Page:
Headmaster Albus Dumbledore, concerned with Harry's safety as well as with leading the resistance efforts (The Order of the Phoenix) against the resurgent evil Lord Voldemort, not only prevents Harry's expulsion, but also organizes the guard for Harry's transfer from the Dursley home to the ancient house of Harry's godfather, the wonderfully moody and complex Sirius Black. Sirius, like Harry's parents, would risk anything for his godson, but the relationship is charged by Sirius' goading of Harry to be more cavalier like James Potter--Harry's father and Sirius' best friend--and by Sirius' antipathy towards being imprisoned in his ancestral home, filled with reminders of his pureblood wizard family.
These include a portrait of his raging, hate-filled, deceased mother and a malevolent house elf, Kreacher. Communication between Harry and Sirius is a key theme in the book, as Harry looks to Sirius for guidance on the tribulations of adolescence and to satiate Harry's continued craving for information about his father. Harry's emotional tether is short in this novel, and runs the gamut from frustration and envy that his two best friends, Ron and Hermione, were made prefects of Gryffindor House, to despising two teachers (potions teacher Snape, of course, and the new venomous, officious Defense of the Dark Arts teacher, Dolores Umbridge) and finally to absolute fear and hatred of Voldemort, his mortal, yet intimate, enemy.
Harry's scar pains him almost continuously now that Voldemort has returned in the flesh, and also now that Harry has dreams and visions of Voldemort's actions. With this ability, Harry envisions himself as a snake and witnesses the wounding of Ron's father, Arthur Weasley. This episode leads to two visits to the wizard hospital: St. Mungo's Hospital for Magical Maladies and Injuries. The reader is deliciously informed that the personnel in green robes are not doctors ("those Muggle nutters that cut people up" p. 484), but rather Healers: wizards and witches who passed a large battery of tests in a range of subjects to qualify for such training.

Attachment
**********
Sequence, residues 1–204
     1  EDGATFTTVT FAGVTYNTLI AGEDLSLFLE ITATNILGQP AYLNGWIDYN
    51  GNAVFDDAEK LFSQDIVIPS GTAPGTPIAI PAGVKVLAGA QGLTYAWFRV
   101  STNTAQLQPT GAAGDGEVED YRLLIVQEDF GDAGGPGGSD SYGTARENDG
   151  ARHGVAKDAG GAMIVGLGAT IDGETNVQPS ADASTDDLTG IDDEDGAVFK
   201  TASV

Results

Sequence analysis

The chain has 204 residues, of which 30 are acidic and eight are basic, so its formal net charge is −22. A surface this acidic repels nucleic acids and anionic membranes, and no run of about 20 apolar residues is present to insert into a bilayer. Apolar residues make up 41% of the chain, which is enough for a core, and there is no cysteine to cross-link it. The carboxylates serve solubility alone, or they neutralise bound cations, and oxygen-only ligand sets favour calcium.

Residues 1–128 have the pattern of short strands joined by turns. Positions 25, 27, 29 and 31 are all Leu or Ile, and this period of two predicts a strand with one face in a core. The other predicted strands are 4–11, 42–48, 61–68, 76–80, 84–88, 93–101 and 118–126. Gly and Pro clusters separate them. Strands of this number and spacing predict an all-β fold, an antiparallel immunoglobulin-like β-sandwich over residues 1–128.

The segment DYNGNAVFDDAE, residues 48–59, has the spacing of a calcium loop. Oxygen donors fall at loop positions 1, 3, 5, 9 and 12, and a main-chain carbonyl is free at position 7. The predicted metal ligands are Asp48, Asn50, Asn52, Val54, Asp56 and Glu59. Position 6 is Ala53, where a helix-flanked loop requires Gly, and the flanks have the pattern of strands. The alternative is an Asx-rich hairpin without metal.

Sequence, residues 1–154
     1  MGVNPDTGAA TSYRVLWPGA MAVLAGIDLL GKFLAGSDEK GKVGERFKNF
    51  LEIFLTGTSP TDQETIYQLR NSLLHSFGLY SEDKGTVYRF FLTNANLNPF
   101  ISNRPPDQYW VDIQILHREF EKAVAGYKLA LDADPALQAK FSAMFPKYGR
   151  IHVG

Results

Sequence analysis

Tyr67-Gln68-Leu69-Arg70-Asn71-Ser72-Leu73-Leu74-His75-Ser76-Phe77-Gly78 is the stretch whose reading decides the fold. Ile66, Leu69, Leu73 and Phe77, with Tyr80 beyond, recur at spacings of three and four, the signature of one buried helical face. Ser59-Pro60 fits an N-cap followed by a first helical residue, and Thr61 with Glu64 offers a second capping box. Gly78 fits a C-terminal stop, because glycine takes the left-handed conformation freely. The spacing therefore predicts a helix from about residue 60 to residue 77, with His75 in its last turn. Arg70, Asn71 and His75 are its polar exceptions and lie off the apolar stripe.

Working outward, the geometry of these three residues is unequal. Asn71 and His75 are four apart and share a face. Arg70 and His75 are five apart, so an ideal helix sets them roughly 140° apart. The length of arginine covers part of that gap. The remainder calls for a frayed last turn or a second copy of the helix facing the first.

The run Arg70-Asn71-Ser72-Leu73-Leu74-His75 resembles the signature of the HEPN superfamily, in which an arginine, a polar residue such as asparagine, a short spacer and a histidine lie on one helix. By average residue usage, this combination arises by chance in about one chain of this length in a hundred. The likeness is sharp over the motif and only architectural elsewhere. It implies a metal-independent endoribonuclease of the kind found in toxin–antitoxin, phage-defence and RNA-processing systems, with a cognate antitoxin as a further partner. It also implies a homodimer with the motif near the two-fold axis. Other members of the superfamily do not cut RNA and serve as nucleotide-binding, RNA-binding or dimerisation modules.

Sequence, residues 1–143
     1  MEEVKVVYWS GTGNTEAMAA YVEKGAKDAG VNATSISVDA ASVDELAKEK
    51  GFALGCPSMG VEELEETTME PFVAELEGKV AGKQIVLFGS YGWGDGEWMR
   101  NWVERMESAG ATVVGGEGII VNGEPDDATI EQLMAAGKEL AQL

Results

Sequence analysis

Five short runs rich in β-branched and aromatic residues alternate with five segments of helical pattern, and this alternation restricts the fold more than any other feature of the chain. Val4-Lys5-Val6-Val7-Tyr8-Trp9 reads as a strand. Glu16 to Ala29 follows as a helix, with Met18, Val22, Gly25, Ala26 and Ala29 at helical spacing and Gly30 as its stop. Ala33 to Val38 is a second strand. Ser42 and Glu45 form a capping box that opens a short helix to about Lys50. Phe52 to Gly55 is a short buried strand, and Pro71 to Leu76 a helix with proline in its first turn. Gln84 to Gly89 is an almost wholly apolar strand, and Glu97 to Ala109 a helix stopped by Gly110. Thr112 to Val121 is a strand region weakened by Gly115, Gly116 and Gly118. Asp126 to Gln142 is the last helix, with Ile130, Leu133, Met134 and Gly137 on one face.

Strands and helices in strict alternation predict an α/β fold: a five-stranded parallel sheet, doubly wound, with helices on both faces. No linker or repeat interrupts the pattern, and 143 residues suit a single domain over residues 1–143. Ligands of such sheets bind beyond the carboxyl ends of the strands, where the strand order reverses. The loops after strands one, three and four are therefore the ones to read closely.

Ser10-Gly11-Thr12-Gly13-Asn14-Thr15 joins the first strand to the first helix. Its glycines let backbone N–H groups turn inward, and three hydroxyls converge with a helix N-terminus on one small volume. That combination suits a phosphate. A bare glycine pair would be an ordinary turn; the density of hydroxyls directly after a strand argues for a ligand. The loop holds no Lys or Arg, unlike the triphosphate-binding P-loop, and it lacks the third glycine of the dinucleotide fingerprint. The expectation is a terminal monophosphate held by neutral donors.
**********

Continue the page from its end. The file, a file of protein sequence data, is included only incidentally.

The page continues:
The hospital is a mix of the mundane (the irritable receptionist) and the arcane (patients suffering from bizarre spell damage). Mr. Weasley's recovery from the nearly lethal snake bite suffers a minor setback when Trainee Healer Pye (not the Healer-in-Charge, Hippocrates Smethwyck) tries some "complementary medicine . . .
[an] old Muggle remed[y] . . .
called stitches . . . " (pp. 306-7). The loving Mrs. Weasley, whose temper is notorious and hence humorous, shouts at her husband that even he "wouldn't be that stupid" as to allow his skin to be sewn together. (p. 307)
While in the hospital, Harry and his friends encounter schoolmate Neville Longbottom visiting his parents, who suffer dementia caused by dark magic performed by one of Voldemort's Death Eater followers. Mental illnesses prove far more difficult to remedy than bodily injuries and maladies. Indeed, late in the book, Madam Pomfrey, the Healer at Hogwarts, wisely advises that "thoughts could leave deeper scarring than almost anything else." (p. 847) As Dumbledore, the embodiment of sagacity, states, memories of old hurts, slights and abuses, make "some wounds run too deep for . . .
healing." (p. 833)
Other medically related items include the Skivving Snackboxes--an assortment of magical treats and their antidotes concocted to fake various illnesses in order to skip classes, and Umbridge's detention punishment which results in the painful etching of the required written phrases on the back of the hand of the miscreant student.
Professor Snape is charged with teaching Harry the subtleties of mind-reading (Legilimency) and its prevention (Occlumency), in an effort to prevent Voldemort's use of Harry's mind. "The mind is a complex and many-layered thing," says Snape, and hence the mind cannot be read like a book. (p. 530) Harry's failure at these lessons leads to the denouement of the book and ultimately to the loss of someone very dear to him. After the inevitable confrontation between Voldemort and Harry, Dumbledore gently coaches Harry through his guilt and anger to teach him about destiny, love and death.
Emiko a child survivor of Hiroshima, is now a documentary filmmaker. She has horrific memories of August 1945 when she lost her parents and little brother, and of the years of painful operations and homesickness in America where she was sent to restore her mutilated face. She is hoping to interview Anton Böll, a scientist who had fled Germany to work on the Manhattan project.